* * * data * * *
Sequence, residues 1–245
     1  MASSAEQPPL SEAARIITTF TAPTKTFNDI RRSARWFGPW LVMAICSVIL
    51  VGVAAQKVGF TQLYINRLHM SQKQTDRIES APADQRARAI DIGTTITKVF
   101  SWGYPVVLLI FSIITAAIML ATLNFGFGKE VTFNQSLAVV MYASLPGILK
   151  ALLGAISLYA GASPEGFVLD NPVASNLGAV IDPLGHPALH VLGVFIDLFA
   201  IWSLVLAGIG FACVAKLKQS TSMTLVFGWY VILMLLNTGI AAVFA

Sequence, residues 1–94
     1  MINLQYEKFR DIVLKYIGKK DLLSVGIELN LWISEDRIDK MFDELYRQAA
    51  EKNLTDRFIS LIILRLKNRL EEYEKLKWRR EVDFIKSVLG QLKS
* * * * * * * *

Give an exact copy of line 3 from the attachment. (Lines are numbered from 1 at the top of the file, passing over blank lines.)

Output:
    51  VGVAAQKVGF TQLYINRLHM SQKQTDRIES APADQRARAI DIGTTITKVF